The first Arabic-speaking immigrants in the United States were a handful of nineteenth-century adventurers and sojourners. It was not until the end of the century that significant numbers of Arab immigrants began making their way to the United States. Their numbers were minuscule by the standards of the day, averaging several thousand per year, with the highest recorded number reaching nine thousand in 1913-14. World War I brought immigration to a virtual standstill. In the years immediately following the war, Arab immigration returned to its prewar level only to be restricted again by the legislation of the 1920s.
Many of the early immigrants left homes in Greater Syria, an Arab province of the Ottoman Empire until the end of World War I. In the postwar period, the province was partitioned into separate political entities (Syria, Lebanon, Palestine, Transjordan) under British and French rule. Although the area remains predominantly Arab and Muslim culturally, Christian, Islamic, and Jewish ethnoreligious minorities constitute its cultural mosaic. Many of the early immigrants were drawn from these minorities, especially certain Christian denominations (Maronites, Melkites, and Eastern Orthodox). Others included a small number of Muslims and Druze, as well as smaller numbers of Iraqi Chaldeans and Yemeni Muslims.
In general, the early immigrants were mostly illiterate or semiliterate, unskilled, single males, who emigrated without their families. Of the approximately 60,000 who entered the United States between 1899 and 1910, some 53 percent were illiterate, and 68 percent were single males. A notable exception was a small group of literati (writers, poets, artists, Journalists) who settled in places like New York and Boston. Politically rather than economically motivated, this group spawned an important school of modern Arabic literature. They formed the Pen League ( al-Rabita al-Qalamiyya ) under the leadership of Kahlil Gibran (1883-1931), the celebrated author of The Prophet.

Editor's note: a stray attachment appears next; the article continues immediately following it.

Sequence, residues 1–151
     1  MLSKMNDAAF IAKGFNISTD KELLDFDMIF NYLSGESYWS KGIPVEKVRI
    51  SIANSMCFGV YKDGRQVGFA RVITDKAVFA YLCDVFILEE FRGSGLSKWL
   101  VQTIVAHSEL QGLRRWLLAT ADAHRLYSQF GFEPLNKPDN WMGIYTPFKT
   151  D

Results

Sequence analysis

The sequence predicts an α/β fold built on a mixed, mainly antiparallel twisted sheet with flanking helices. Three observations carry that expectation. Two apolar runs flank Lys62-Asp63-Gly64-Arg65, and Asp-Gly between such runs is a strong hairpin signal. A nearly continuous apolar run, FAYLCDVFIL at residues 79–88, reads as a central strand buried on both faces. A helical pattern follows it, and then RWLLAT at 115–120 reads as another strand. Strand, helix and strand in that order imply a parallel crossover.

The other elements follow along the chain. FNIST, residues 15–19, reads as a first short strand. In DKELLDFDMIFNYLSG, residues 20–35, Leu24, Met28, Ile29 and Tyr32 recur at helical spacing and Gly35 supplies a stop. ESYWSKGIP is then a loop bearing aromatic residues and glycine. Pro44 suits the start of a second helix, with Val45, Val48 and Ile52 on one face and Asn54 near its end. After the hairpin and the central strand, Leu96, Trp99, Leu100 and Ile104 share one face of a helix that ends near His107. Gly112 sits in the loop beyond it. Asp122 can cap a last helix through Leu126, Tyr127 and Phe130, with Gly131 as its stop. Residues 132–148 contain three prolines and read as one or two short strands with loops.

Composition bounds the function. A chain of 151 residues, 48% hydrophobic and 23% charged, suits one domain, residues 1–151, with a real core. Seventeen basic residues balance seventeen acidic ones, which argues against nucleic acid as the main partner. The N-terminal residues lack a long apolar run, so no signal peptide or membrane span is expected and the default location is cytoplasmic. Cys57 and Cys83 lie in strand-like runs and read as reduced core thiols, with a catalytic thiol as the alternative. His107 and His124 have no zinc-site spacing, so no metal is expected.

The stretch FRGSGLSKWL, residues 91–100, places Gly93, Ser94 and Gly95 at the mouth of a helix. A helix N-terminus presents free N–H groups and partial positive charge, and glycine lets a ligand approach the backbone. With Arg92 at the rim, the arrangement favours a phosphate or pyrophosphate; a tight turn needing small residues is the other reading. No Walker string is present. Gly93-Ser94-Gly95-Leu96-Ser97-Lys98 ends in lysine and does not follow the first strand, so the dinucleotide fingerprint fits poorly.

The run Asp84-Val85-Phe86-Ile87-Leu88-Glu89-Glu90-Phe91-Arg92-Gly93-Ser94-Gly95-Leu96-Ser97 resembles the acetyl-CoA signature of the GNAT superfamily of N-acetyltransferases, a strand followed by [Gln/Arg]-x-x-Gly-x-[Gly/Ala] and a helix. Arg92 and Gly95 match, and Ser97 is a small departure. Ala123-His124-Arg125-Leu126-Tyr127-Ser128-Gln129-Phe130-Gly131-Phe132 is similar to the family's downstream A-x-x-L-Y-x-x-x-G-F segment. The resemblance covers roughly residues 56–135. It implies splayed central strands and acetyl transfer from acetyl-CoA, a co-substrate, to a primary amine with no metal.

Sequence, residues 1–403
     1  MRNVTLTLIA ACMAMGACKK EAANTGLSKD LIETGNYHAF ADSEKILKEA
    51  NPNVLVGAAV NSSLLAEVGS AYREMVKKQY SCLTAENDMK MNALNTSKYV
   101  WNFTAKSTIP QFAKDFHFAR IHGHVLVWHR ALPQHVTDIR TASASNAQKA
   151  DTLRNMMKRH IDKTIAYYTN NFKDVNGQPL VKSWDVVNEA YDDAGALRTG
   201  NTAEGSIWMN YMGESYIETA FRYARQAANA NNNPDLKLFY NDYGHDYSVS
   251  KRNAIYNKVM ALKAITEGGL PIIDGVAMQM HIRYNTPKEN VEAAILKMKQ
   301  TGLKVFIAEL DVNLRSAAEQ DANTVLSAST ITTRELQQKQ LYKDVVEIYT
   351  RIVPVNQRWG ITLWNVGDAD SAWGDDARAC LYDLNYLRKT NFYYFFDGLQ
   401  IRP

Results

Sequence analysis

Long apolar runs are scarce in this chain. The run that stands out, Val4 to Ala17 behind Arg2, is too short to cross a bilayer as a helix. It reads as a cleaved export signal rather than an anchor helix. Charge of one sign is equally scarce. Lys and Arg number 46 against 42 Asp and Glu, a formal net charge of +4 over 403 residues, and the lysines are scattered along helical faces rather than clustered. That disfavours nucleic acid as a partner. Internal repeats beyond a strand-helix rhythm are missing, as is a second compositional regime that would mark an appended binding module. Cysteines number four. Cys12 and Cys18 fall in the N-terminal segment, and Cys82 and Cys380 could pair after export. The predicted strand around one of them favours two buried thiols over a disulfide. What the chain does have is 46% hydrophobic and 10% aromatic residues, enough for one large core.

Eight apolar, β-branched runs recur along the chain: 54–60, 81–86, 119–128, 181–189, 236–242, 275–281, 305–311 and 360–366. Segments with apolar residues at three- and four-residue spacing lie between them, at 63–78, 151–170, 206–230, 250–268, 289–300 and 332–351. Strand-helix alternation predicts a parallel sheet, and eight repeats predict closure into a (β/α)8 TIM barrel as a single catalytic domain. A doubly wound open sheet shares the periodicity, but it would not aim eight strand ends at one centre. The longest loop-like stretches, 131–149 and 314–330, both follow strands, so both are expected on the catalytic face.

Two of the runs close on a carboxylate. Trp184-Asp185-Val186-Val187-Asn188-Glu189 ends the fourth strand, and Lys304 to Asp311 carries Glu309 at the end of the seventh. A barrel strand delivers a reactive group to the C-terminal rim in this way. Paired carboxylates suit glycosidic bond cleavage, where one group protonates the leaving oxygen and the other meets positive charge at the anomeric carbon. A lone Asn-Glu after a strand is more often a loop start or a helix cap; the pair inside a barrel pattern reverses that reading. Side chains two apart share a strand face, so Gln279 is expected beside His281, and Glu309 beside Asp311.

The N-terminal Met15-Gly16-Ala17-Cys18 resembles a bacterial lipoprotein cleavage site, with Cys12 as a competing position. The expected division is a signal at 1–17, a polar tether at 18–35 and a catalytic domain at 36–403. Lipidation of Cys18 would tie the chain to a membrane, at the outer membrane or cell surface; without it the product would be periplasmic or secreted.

The early immigrants tended to settle in the cities and towns of the Northeast and Midwest, in states like New York, Massachusetts, Pennsylvania, Michigan, and Ohio. By 1940 about a fifth of the estimated 350,000 Arabs lived in just three cities—New York, Boston, and Detroit—mostly in Ethnic neighborhoods ("Little Syrias"). Many worked their way across America as peddlers of dry goods and other sundry items, reaching virtually every state of the Union. Some homesteaded on the Great Plains, and others settled in southern rural areas.
A second wave of Arab immigration to the United States occurred after World War II. The influx included many more Muslims than the previous one. It also included refugees who had been displaced by the 1948 Palestine war, as well as professionals and university students who elected to remain Permanently in the United States. These trends accelerated after the June 1967 Arab-Israeli War, a watershed for both the Middle East and Arab immigration to the United States. The 1970s and 1980s witnessed a massive influx of Arab Immigrants from Lebanon, Iraq, the Israeli-occupied West Bank, Yemen, Egypt, and other Arab countries. Many had been displaced by war and political upheaval.
The early Arab immigrants followed a fairly smooth assimilation into mainstream society. Several generations later their descendants have achieved high social mobility. Some are household names: Danny Thomas, Ralph Nader, Christa McAuliffe, Paul Anka, Casey Kasem, Bobby Rahall, F. Murray Abraham. In comparison, the second-wave Immigrants have had a mixed time of it. Many have prospered economically, especially those in the professions and business. But others, particularly in the period following the June 1967 war, have had to contend with demeaning stereotypes, prejudice, and discrimination stemming from the oil crisis, Middle East terrorism, and U.S. involvement in the region. These problems are more pronounced in areas where large numbers of recent arrivals reside.